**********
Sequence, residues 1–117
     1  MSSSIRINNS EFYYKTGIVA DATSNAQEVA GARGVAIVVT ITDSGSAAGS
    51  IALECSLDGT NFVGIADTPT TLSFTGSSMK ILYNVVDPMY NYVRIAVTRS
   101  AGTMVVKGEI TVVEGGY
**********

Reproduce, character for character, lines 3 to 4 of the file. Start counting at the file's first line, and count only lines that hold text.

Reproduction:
    51  IALECSLDGT NFVGIADTPT TLSFTGSSMK ILYNVVDPMY NYVRIAVTRS
   101  AGTMVVKGEI TVVEGGY